Published online by Cambridge University Press: 07 August 2013
We propose estimators of the memory parameter of a time series that are robust to a wide variety of random level shift processes, deterministic level shifts, and deterministic time trends. The estimators are simple trimmed versions of the popular log-periodogram regression estimator that employ certain sample-size-dependent and, in some cases, data-dependent trimmings that discard low-frequency components. We also show that a previously developed trimmed local Whittle estimator is robust to the same forms of data contamination. Regardless of whether the underlying long- or short-memory process is contaminated by level shifts or deterministic trends, the estimators are consistent and asymptotically normal with the same limiting variance as their standard untrimmed counterparts. Simulations show that the trimmed estimators perform their intended purpose quite well, substantially decreasing both finite-sample bias and root mean-squared error in the presence of these contaminating components. Furthermore, we assess the trade-offs involved with their use when such components are not present but the underlying process exhibits strong short-memory dynamics or is contaminated by noise. To balance the potential finite-sample biases involved in estimating the memory parameter, we recommend a particular adaptive version of the trimmed log-periodogram estimator that performs well in a wide variety of circumstances. We apply the estimators to stock market volatility data to find that various time series typically thought to be long-memory processes actually appear to be short- or very weak long-memory processes contaminated by level shifts or deterministic trends.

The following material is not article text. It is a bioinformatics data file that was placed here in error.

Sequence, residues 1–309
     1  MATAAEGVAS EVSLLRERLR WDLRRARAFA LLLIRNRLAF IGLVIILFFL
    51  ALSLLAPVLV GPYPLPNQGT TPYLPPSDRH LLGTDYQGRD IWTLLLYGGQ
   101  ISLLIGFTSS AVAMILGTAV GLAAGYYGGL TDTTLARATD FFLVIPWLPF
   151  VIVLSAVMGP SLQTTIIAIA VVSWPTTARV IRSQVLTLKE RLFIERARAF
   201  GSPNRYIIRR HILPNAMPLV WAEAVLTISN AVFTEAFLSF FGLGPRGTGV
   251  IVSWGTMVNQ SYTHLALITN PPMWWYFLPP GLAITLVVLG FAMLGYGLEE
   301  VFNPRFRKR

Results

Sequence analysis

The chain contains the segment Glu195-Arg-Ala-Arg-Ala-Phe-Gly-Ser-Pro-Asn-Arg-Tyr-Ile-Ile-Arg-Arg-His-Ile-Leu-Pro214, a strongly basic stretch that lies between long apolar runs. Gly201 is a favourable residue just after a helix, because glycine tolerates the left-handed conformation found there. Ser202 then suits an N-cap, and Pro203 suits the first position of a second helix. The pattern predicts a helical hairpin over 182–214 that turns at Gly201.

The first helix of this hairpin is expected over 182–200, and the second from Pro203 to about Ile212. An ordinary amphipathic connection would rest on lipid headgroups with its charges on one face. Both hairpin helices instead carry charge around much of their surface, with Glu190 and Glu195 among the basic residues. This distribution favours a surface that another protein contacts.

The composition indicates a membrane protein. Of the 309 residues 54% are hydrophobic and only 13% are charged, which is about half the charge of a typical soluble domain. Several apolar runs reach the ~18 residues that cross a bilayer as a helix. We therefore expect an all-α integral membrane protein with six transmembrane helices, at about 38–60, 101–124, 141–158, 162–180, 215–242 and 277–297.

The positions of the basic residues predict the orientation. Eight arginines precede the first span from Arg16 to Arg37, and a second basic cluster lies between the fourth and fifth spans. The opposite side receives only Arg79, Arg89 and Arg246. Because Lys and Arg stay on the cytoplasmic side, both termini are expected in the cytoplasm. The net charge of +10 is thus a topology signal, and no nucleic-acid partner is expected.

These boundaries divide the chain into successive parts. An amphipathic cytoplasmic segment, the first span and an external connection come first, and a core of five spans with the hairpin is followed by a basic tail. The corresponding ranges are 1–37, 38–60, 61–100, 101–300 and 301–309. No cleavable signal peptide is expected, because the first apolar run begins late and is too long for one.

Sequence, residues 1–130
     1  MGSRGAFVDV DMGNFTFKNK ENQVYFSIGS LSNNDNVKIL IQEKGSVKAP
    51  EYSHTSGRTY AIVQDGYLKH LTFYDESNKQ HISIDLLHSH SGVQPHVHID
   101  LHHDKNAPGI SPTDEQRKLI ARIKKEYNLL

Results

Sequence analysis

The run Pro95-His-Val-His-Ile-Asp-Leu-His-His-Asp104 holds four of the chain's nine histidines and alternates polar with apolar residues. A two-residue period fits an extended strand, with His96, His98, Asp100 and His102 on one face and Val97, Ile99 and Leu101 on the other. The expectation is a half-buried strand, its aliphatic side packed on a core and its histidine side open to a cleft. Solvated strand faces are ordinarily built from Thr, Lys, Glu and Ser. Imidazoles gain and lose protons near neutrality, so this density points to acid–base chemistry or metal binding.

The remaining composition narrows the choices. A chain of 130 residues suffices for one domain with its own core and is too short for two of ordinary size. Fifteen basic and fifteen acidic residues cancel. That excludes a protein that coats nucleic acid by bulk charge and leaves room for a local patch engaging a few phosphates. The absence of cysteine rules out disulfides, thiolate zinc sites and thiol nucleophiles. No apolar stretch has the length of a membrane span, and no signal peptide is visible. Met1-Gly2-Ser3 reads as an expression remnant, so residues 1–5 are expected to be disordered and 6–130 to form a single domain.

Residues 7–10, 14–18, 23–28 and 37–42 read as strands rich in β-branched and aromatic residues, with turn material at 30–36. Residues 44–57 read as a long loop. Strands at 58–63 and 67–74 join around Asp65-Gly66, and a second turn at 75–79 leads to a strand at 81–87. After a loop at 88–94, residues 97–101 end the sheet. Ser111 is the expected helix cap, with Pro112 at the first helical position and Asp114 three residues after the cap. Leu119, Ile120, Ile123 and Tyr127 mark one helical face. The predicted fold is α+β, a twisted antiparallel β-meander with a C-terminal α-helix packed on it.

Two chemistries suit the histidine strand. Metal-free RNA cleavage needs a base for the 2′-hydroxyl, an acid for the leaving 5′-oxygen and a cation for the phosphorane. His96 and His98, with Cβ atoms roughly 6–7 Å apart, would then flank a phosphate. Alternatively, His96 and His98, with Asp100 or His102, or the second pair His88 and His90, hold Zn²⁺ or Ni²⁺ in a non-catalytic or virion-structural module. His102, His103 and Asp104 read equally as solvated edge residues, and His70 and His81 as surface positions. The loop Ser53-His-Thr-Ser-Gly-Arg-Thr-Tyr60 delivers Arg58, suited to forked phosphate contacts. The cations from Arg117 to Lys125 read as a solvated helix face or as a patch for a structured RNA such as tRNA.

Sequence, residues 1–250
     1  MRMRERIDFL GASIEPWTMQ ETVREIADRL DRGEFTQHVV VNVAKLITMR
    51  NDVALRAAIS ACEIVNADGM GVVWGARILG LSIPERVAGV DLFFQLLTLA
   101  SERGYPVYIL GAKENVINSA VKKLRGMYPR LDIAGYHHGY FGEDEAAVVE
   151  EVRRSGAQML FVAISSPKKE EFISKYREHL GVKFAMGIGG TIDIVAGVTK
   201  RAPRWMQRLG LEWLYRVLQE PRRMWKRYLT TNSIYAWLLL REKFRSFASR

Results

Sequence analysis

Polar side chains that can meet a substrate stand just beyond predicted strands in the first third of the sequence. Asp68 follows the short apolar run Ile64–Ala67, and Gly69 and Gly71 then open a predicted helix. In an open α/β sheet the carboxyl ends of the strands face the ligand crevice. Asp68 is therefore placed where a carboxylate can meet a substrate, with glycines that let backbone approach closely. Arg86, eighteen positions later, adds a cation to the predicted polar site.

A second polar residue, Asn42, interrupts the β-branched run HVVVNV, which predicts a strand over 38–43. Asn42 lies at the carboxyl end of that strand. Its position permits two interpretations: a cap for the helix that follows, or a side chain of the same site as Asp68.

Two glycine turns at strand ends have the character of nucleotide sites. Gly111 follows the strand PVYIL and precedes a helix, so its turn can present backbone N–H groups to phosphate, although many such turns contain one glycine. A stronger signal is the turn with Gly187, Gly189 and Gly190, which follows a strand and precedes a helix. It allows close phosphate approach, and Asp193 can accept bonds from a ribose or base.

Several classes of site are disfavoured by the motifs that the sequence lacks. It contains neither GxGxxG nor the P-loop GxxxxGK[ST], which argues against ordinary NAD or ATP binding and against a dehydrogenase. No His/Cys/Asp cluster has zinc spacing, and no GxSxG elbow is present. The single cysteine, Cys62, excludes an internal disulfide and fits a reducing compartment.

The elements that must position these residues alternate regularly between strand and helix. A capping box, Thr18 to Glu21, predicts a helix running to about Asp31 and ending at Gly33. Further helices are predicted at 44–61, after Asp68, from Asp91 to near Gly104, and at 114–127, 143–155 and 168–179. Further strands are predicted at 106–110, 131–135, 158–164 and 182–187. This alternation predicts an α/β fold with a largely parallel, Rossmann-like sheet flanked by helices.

The authors are grateful to Shinsuke Ikeda for kindly sharing S&P 500 futures realized volatility data. We also thank Morten Nielsen, the co-editor Robert Taylor, and two referees for useful comments.
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